This question has been running through my mind non-stop since we returned home. I have so many stories from our time in Swaziland. So many amazing things to share. I have already written two blog posts that will never see the light of day, because God has impressed on my heart to ask the question, “What's the story?”
Not all stories must be told and others, well, they cannot be held back. They overflow like a fire hose filling a Dixie cup. Keeping them contained is just not possible. They must be told, because they must be heard, because God is in them and he is revealed in them and he is glorified in them.
For my wife and I, our few short days in Swaziland were, at the very least, an emotional roller coaster. They were filled with highs, beautiful top-of-the-world highs, and very gut-wretnching lows. After what seemed like days of travel, just arriving in Swaziland was a dream come true. The first day at the carepoint was… unbelievable. Even Mark and Alison (the missionaries who tend to Mkhombokati) were quick to let us know, “That never happens.” and “You just don’t have days like that.” I met a little friend who profoundly impacted my life, and later, we met our special friend and his amazing family. God was everywhere.
On Wednesday, I lay by my wife’s side in a hospital as she fought through pain and suffering. Convinced we were on our way home in a drastic and painful change of plans I packed our bags, and then I lay in our hotel sobbing in tears for the heart-breaking reality of what was about to happen. I said painful goodbyes. It seemed God was nowhere. I was broken. And then… as it was explained to me, my wife sat up in a hospital bed looked across the room at our sweet friend Tara, and calmly announced “I feel great.” To which, I understand, Tara replied, “No you don’t.” It was that unreal. While this experience leaves me with more questions than answers, I will choose, wholly and consciously to dwell on God’s mercy, love and grace in that moment, because despite the pain of that day… it ended in good news. It was our personal and painful black sabbath, but it led to a beautiful resurrection day. And, as he had always been, God was everywhere.
On Thursday, miraculously we were back at the carepoint. Playing with, loving, and enjoying these little faces. We spent the next few days able to enjoy every moment… because we almost didn’t have them. Everything was sweeter and more savory. Friday was amazing and Saturday, well, that was a lot like Tuesday. It was another big day.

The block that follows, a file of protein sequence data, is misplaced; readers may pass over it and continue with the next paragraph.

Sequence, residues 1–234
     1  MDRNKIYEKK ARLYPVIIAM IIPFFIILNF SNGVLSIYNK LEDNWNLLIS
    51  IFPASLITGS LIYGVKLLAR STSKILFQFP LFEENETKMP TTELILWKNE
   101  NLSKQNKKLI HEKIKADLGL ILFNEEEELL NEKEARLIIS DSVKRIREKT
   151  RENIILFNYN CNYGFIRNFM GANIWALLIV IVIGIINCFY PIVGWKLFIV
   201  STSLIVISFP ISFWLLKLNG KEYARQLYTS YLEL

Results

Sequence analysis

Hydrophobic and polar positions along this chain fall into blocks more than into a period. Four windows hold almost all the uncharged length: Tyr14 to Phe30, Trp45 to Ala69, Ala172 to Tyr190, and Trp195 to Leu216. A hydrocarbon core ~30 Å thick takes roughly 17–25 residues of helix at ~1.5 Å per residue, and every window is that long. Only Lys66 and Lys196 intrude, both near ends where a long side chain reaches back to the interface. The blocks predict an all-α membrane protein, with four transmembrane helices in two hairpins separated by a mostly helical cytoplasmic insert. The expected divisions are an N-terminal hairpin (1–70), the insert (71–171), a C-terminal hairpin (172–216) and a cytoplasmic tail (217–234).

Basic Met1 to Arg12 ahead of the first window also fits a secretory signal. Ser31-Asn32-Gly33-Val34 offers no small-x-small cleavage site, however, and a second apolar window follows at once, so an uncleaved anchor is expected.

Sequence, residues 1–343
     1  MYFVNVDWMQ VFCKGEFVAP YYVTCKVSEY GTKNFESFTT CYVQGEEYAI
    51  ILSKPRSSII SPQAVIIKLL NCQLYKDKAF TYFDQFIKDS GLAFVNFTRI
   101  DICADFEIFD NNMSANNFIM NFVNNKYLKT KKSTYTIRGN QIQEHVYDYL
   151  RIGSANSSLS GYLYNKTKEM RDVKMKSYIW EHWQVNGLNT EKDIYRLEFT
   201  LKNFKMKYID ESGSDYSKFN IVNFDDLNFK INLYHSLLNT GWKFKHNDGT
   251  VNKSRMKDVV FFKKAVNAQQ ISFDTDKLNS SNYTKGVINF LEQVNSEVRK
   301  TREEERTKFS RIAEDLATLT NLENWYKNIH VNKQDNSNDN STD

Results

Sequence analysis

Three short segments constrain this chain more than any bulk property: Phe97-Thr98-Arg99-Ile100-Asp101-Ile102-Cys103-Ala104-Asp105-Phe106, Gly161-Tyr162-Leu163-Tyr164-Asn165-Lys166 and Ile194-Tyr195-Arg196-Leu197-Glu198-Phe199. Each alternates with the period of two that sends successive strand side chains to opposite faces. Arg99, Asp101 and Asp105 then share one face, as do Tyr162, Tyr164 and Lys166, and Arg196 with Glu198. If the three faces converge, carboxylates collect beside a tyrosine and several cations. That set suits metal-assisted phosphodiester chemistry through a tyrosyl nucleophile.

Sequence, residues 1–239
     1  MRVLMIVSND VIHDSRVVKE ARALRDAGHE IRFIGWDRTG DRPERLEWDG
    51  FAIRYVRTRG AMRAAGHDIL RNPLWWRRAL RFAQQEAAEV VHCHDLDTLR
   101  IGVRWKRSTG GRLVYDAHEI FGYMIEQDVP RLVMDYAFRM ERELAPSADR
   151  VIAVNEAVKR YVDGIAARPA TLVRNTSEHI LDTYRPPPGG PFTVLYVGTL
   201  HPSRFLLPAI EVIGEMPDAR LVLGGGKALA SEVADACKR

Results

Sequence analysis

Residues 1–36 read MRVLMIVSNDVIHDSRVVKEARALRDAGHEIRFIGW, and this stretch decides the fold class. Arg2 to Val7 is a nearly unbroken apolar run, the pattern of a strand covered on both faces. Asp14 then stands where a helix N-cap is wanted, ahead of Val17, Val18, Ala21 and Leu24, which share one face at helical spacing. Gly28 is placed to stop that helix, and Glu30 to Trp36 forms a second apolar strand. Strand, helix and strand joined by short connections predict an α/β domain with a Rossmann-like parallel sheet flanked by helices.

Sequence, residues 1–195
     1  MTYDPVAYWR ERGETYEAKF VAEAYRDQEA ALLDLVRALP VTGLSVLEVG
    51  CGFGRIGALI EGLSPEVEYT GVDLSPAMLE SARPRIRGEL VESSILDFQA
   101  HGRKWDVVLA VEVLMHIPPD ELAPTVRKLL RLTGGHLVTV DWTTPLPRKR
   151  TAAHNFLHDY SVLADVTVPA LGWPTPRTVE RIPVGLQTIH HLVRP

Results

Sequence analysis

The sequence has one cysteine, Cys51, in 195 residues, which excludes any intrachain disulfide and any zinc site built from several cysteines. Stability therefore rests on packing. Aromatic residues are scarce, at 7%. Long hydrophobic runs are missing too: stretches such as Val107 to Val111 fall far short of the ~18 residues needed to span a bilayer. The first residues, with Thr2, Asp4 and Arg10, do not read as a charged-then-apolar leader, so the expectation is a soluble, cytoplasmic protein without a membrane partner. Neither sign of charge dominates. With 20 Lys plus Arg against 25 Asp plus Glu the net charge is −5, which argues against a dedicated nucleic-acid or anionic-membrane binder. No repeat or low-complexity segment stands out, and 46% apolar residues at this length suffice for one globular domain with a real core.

There are so many stories, my friends. Things I haven’t mentioned and more depth to what I have. This is just a glimpse of what amazing things God did in just a week at Mkhombokati and what he has begun and continues to do there since we first set out on this journey some 6 years ago.
For now though, this is a story about how God brought me half way around the world for a hug.
That little friend I mentioned earlier that I met on our first day at the carepoint? Most of you will know him. I knew him before I met him. His name, is Thanduxolo. Thanduxolo is an extraordinary boy.
I met Thanduxolo on a Tuesday just after lunch. Alison had asked if one of us guys on the team could help her out, I eagerly accepted the opportunity not knowing that it was about to be one of the most important experiences in my life.
Thanduxolo has been very sick over the past year and has spent a significant amount of time in the hospital for surgeries and recovery. Less than a week prior he had been discharged from the hospital after being admitted for dehydration. This day he had somehow made his way to the carepoint. It was a surprise, not only because we weren’t expecting it, but because after seeing Thanduxolo you knew immediately just how difficult that journey to the carepoint had been. He is just slightly more than skin and bones and though he lives close to the carepoint I could barely understand how he had enough muscle on his body to make it there. He did somehow, but it had taken every bit of strength to get there, and now he could’t keep food down, could barely stand and certainly couldn’t walk home. That’s where I come in. I get to be the chariot ride home.
Carrying Thaduxolo home I had to do everything in my power not to think of what I was doing, or my little 5 year old boy at home or I was going to lose it. I picked up Thanduxolo, as I did I could feel my fingers slide in to the recesses between each of his ribs, I was acutely aware of trying not to break him. I lay him on my shoulder and he nestled, just like my son when he’s sick, into the sweet spot on my shoulder. He gently lay his head down and, just like any sick child, comfortably went limp and relaxed.